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Special Issue "Bacterial Enterotoxins in Food Safety"

A special issue of Toxins (ISSN 2072-6651). This special issue belongs to the section "Bacterial Toxins".

Deadline for manuscript submissions: 31 July 2019

Special Issue Editor

Guest Editor
Prof. Dr. Andreja Rajkovic

Department of Food Technology, food safety and health, Faculty of Bioscience Engineering, Ghent University (UGent), Coupure Links 657, 9000 Ghent, Belgium
Website | E-Mail
Interests: Bacillus cereus enterotoxins, emetic toxin, cereulide, Staphylococcal enterotoxins, Clostridium botulinum neurotoxins, Clostridium perfringens enterotoxin, shiga toxin, food safety, beauvericin, enniatins, food safety in Serbia

Special Issue Information

Dear Colleagues,

Bacterial enterotoxins, in the broadest sense, are proteins or peptides that exert their effect on intestines, causing a plethora of gastrointestinal disease manifestations. Enterotoxins are produced by both gram-positive and gram-negative pathogens, both in food and in host’s gastro intestinal tract. In Europe, data collected by Rapid and Alert System for Food and Feed safety about 10% of all outbreaks is found to be caused by bacterial toxins, and only toxins taken here into account were those of Bacillus, Clostridium, and Staphylococcus, which were found in almost all types of food. In USA and UK, enterotoxins produced by C. perfringens are even reported as the top two causative agents of foodborne bacterial poisoning. Bacterial enterotoxins are for many foodborne pathogens the major virulence factor responsible for the symptoms of food poisoning. This is the case among others for Bacillus cereus, Clostridium perfringens, enterotoxigenic Escherichia coli, and Staphylococcus aureus. Many pathogens produce different toxins, and often one strain can produce multiple toxins. The path from the presence of genes encoding for toxin production and actual protein expression, or non-ribosomal peptide synthesis, is not always straight forward, and final toxin production depends on many factors. Understanding these factors is detrimental to food safety assurance. Also, there is great need for a better understanding of the threat to public health from exposure to a single toxin arising from multiple pathways or to multiple toxins that have the same mechanism of toxicity. The aim of the current Special Issue is to gather the most recent cutting-edge research on the topic of bacterial enterotoxins, including, but not limited to, in-vitro, in-vivo and in-silico toxicity, their roles in host-pathogen interactions, the mode and mechanisms of action, the regulation of production, the structure-activity relationship, the exposure assessment, and the detection and control relevant to food safety. This Special Issue aims to become a reference for a new body of knowledge on bacterial toxins, from microbial genes to the human gut.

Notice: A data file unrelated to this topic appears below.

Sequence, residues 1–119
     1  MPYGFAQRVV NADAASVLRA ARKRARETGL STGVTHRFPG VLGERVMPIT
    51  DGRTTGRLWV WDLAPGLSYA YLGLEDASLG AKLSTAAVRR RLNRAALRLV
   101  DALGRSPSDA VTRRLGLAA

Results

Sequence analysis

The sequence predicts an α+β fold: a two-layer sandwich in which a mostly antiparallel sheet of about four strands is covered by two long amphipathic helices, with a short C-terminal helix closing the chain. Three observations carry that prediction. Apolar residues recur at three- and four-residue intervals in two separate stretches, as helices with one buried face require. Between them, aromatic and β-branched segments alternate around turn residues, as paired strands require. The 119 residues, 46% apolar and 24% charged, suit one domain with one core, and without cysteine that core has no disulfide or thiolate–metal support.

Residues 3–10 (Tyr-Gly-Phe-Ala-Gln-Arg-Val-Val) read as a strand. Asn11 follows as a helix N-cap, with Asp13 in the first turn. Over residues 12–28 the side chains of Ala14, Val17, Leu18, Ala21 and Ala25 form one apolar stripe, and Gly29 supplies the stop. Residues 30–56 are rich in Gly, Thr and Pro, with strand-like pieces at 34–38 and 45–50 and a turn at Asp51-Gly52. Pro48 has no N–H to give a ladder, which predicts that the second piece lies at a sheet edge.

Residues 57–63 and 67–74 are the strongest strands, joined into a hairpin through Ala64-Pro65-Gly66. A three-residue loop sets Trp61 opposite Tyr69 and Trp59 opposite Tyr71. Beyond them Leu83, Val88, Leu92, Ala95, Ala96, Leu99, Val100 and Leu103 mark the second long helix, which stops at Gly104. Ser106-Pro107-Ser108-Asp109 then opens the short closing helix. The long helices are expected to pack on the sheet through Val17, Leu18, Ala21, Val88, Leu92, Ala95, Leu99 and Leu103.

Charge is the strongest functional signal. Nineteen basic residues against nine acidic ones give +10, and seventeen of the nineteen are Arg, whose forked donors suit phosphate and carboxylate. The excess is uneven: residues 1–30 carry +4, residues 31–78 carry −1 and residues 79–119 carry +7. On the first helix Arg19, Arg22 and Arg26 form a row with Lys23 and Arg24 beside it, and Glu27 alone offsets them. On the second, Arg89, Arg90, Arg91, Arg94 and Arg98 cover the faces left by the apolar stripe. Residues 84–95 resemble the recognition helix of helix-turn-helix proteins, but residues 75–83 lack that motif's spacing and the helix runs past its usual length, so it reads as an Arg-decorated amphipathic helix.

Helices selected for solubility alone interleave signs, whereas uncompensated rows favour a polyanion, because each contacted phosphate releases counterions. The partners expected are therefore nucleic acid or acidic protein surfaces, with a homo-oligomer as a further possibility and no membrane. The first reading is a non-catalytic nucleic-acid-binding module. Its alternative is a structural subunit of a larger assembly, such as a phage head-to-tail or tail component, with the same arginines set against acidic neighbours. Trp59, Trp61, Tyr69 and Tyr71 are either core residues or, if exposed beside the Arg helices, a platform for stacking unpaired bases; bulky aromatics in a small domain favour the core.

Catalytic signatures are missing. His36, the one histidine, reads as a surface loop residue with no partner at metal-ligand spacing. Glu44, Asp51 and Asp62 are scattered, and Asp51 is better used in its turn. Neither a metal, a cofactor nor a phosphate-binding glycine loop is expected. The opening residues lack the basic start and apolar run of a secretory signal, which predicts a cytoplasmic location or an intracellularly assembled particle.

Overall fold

Prof. Dr. Andreja Rajkovic
Guest Editor

Manuscript Submission Information

Manuscripts should be submitted online at www.mdpi.com by registering and logging in to this website. Once you are registered, click here to go to the submission form. Manuscripts can be submitted until the deadline. All papers will be peer-reviewed. Accepted papers will be published continuously in the journal (as soon as accepted) and will be listed together on the special issue website. Research articles, review articles as well as short communications are invited. For planned papers, a title and short abstract (about 100 words) can be sent to the Editorial Office for announcement on this website.

Submitted manuscripts should not have been published previously, nor be under consideration for publication elsewhere (except conference proceedings papers). All manuscripts are thoroughly refereed through a double-blind peer-review process. A guide for authors and other relevant information for submission of manuscripts is available on the Instructions for Authors page. Toxins is an international peer-reviewed open access monthly journal published by MDPI.

Please visit the Instructions for Authors page before submitting a manuscript. The Article Processing Charge (APC) for publication in this open access journal is 1800 CHF (Swiss Francs). Submitted papers should be well formatted and use good English. Authors may use MDPI's English editing service prior to publication or during author revisions.

Keywords

  • host–pathogen interaction
  • food safety
  • toxin
  • expression
  • exposure
  • toxicity

Published Papers (3 papers)

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Research

Open AccessArticle
Genotypes, Enterotoxin Gene Profiles, and Antimicrobial Resistance of Staphylococcus aureus Associated with Foodborne Outbreaks in Hangzhou, China
Received: 25 March 2019 / Revised: 19 May 2019 / Accepted: 23 May 2019 / Published: 29 May 2019
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Abstract
Staphylococcal food poisoning is an illness caused by the consumption of food that contains sufficient amounts of one or more enterotoxins. In the present study, a total of 37 S. aureus isolates were recovered from leftover food, swabs from a kitchen environment, and [...] Read more.